Of course, Point Pleasant has a whole museum dedicated to the Mothman. Becca and I visited to learn all about the Mothman’s history and see all of the things that his legend inspired, including the wild 2002 movie The Mothman Prophecies starring Richard Gere and Laura Linney. The museum isn’t large, but it has so much that you could easily spend all day in there. We were on a time crunch, so we had to limit ourselves to only an hour, but we definitely got our fill of Mothman knowledge.
After raiding the gift shop for Mothman merch to bring home, we stopped back at the statue to take more pictures. Here we got to meet some folks important to the upkeep and culture of Point Pleasant and the greater area. Mason County Commissioner Rick Handley pulled up and chatted with us for a while, offering to take our picture, giving us a wealth of information about Point Pleasant, and asking us all about our trip through the South. Then we met the one and only Jeff Wamsley, a celebrity in supernatural circles and the proprietor of the Mothman Museum. Jeff was close to the Mothman phenomenon back when it first began, and throughout his whole life he’s worked to document the legend in great detail. Becca and I sort of geeked out when we met him. Just be jealous for us.
We talked with Jeff and Rick for a good amount of time, but after a while we knew we had to say goodbye to Point Pleasant. Our drive back to Brooklyn was going to take us ten hours, and it was already getting close to noon, so we wanted to get back home before it got too late. We waved goodbye to our new Point Pleasant friends, to the Lowe and the Finleys, to our savior the Mothman, and promised as we drove out of the city and east towards Maryland, Pennsylvania, and home that we would come back.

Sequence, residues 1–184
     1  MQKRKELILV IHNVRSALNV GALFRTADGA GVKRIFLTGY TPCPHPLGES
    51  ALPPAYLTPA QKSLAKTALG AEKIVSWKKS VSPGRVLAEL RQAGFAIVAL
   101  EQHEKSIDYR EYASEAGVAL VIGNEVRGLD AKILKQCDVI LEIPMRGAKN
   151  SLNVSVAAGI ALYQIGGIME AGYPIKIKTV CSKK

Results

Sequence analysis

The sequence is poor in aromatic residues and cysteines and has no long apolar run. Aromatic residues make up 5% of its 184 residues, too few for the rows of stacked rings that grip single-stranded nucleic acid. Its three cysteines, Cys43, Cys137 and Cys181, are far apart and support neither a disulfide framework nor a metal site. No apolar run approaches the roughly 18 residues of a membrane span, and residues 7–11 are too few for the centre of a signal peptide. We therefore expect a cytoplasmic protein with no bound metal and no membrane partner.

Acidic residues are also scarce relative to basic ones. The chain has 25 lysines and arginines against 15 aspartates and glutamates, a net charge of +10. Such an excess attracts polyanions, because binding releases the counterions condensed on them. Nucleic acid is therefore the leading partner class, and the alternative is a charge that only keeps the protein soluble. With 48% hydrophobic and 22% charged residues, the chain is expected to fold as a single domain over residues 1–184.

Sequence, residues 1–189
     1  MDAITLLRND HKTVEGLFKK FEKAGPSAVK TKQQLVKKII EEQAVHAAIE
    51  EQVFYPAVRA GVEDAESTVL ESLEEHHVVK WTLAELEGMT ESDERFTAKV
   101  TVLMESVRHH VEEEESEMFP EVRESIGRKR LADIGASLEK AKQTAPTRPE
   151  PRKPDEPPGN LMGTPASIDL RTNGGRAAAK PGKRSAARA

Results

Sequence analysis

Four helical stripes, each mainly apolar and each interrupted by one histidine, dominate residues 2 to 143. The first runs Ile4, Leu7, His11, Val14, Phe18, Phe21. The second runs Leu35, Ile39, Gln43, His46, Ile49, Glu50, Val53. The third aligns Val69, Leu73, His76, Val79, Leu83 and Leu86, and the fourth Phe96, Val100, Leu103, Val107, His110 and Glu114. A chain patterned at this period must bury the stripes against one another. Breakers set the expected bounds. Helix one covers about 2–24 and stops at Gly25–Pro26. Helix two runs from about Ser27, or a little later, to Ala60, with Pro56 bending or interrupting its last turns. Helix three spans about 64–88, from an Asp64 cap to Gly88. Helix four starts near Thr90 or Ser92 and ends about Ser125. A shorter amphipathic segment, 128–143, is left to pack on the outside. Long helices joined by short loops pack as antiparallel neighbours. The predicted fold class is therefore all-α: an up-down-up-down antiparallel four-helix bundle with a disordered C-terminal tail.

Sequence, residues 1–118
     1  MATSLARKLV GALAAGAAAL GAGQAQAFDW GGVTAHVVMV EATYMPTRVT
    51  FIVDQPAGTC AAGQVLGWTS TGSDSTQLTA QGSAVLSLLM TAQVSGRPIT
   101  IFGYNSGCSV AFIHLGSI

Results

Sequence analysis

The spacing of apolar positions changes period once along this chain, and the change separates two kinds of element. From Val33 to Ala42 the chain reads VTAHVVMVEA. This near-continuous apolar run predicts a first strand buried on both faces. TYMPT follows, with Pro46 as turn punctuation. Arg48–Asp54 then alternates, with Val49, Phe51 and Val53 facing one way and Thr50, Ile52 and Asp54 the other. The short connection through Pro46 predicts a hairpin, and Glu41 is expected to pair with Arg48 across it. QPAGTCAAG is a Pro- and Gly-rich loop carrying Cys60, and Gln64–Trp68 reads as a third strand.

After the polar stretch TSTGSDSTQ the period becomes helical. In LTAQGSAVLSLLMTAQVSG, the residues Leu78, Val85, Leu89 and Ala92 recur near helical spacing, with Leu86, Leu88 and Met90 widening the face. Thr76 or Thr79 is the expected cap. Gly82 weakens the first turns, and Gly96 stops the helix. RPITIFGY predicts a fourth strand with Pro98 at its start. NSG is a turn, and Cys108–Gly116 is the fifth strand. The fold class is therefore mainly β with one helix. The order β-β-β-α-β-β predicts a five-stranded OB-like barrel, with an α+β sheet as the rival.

For the Mothman always calls you back.
Point Pleasant gave us so much joy that it wiped away all the disappointment from Nashville. Although it was the last stop on our trip, it became one of our very favorites. It wasn’t just because of the Mothman. All of the people we met in the city were so kind and welcoming that we felt comfortable there. If you have any reservations about West Virginia, stop having them. Go to Point Pleasant, take a seat at the Coffee Grinder, and just let yourself relax. It’s a great place to let it all hang out.
Next time on the Great Southern Escapade: A reflection on twelve days through the South, the highs and the lows, and how the escapade put a bow on two long, hard years. Thanks for reading; see you at the finish line.